Mary Ann Tackett also addressed the board. A local business owner and realtor, she agreed with Ragsdale’s comments, adding, “We are a bedroom community and have a lot of older citizens … It’s hard on people.”
Speaking in favor of the tax increase were Dawn Dixon and Steve Swindall, who both emphasized the need for a new swimming pool. Dixon also noted that neighboring communities have higher tax rates.
“I am willing to pay a higher tax rate if we can improve infrastructure and create a new pool,” she added.
“We don’t realize what we have,” said Swindall. “I won’t pretend I know all the numbers, but we have to trust y’all with our money … You’re not exempt from the increase yourselves.”
When the matter of increasing the tax rate came up for a vote during the regular meeting, which followed the hearing, board members voted 4-2 in favor of the hike. The same vote, 4-2, was also given to the city’s 2013-14 budget. Voting in favor were aldermen Danny Bryant, Marty Pepper, Tom Young, and Michael Whisenant, and voting opposed were vice mayor Gwen Shelton and alderman Dorothy Small.
But those votes came only after lengthy comments from board members as they discussed their efforts to contain costs over the last several years as well as their wrestling with the issue in recent months.
“The city has had three adjustments in the last 30 years, so this board over time has been very good stewards,” said Whisenant, adding that a new pool is needed and that no one on the board wants to raise the property tax rate.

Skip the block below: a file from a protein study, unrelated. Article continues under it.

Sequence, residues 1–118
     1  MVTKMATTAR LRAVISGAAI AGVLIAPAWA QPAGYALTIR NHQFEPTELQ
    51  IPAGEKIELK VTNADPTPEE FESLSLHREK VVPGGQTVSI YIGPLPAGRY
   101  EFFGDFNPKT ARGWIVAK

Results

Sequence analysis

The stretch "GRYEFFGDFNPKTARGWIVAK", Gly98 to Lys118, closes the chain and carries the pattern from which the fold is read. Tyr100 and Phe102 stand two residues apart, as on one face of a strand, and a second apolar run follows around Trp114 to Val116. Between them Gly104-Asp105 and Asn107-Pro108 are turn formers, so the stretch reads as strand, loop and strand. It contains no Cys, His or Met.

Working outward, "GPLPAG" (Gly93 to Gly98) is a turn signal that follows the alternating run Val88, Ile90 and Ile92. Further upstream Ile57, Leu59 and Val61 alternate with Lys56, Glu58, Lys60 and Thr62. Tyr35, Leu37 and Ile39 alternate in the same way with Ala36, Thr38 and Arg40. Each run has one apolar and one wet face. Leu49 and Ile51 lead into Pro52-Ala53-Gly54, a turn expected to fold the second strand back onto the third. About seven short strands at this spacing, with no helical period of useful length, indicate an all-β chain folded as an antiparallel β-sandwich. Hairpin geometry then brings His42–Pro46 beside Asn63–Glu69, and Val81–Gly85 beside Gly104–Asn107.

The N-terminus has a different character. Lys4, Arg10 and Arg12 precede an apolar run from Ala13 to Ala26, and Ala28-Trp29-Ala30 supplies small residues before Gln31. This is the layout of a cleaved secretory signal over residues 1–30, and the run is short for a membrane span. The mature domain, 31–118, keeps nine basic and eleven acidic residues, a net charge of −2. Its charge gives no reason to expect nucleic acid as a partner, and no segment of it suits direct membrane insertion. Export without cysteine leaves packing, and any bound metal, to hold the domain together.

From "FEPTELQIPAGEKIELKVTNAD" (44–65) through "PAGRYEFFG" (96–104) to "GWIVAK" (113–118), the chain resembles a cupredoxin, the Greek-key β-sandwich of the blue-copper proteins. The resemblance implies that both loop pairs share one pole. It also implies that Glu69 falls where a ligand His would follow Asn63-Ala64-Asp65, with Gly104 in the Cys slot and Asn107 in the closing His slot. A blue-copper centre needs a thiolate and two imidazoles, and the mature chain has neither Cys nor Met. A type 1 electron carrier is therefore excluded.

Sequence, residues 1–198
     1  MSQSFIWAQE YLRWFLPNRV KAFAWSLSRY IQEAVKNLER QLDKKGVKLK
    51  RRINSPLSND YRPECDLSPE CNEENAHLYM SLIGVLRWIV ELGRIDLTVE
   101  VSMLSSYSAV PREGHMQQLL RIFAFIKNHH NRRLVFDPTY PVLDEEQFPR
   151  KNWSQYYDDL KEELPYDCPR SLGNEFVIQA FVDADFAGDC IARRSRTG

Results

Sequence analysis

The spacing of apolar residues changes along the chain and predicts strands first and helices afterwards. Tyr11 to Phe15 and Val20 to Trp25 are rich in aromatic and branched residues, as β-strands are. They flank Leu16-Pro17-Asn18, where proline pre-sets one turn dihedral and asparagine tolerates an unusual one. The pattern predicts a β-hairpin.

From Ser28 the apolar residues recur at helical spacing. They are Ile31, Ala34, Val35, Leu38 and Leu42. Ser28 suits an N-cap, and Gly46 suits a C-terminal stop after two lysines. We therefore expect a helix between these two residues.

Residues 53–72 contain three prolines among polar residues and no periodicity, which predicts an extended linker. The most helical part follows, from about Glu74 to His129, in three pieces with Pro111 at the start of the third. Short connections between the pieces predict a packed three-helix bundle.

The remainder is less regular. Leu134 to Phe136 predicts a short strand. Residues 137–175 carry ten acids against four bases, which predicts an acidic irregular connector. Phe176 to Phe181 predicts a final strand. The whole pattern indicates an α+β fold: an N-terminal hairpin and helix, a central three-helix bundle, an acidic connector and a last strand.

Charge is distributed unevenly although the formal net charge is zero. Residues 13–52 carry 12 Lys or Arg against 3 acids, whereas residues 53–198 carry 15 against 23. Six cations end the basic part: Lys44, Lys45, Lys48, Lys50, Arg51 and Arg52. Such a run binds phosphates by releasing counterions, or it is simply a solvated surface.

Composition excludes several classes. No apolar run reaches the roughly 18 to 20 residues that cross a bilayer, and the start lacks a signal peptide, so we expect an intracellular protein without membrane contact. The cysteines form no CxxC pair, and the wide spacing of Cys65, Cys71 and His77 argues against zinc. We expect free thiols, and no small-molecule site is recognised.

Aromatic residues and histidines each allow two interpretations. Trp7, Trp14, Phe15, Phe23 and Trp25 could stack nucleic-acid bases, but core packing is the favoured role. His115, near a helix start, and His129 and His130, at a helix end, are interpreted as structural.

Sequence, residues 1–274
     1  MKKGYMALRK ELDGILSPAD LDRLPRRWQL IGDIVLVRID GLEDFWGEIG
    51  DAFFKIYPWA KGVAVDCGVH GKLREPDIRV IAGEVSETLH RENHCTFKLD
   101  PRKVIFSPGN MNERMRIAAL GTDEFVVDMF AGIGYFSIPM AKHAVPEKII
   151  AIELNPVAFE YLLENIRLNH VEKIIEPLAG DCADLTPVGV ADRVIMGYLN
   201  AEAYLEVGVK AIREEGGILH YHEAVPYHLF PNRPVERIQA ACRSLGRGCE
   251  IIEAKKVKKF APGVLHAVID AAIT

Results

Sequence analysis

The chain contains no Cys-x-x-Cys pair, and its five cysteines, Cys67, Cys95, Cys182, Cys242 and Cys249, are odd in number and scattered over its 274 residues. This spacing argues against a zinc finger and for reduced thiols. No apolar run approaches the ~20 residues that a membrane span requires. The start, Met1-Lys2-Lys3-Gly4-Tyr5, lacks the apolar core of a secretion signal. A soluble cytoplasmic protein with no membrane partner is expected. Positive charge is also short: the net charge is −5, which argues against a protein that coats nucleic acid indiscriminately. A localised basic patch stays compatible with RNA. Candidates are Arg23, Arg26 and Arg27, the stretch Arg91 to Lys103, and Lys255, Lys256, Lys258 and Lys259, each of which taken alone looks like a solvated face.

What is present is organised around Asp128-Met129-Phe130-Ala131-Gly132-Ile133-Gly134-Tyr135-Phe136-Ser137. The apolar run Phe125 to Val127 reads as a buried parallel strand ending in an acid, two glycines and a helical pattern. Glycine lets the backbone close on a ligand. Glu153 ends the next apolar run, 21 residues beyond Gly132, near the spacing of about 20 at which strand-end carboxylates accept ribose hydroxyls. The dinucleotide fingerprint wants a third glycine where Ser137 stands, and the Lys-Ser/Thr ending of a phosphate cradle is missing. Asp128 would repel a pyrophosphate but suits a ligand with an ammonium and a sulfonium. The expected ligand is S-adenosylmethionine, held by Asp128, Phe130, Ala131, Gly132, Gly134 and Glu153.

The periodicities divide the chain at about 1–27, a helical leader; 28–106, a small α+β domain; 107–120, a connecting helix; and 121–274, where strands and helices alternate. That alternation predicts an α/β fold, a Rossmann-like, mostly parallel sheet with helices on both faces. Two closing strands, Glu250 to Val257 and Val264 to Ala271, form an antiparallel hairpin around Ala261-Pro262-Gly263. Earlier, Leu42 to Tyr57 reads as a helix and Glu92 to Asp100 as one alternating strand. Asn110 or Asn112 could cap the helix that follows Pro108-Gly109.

While Shelton noted that taxes are needed for streets and quality of life areas, she said the board should do a better job of prioritizing the budget and more willing to cut outside agencies as well as IDB.
Bryant discussed the tax increases in the last 30 years, noting that one in 2003 consisted of a nickel to replace lost state revenue, another in 1991 amounted to a dime lost due to the census, the third in 1985, which was 30 cents, to replace federal revenue losses, and a fourth in 1983 for the general fund.
“You make a lot of good points,” he said, “and I don’t want property taxes to increase, but we are in a situation to make a tough decision … We had worked up a plan to increase the sales tax one quarter of a percent, which would have raised approximately $600,000 but that failed.”
Bryant went on to note that the city employees are not receiving raises this year and described maintenance of effort requirements under state law that prohibit the city from reducing funding for the library. He also compared Fayetteville’s $4.48 per capita expenditure for the library, saying it is the lowest in the state. He also discussed efforts related to the city school system and the lack of raises and other increases there, as well as other efforts.
Mayor John Ed Underwood also spoke of the board’s efforts, particularly in regard to the sales tax, saying, “There are two here that campaigned against it … I don’t feel too sorry for any of us, me included,” he said. “We have to move on, we have to make progress.”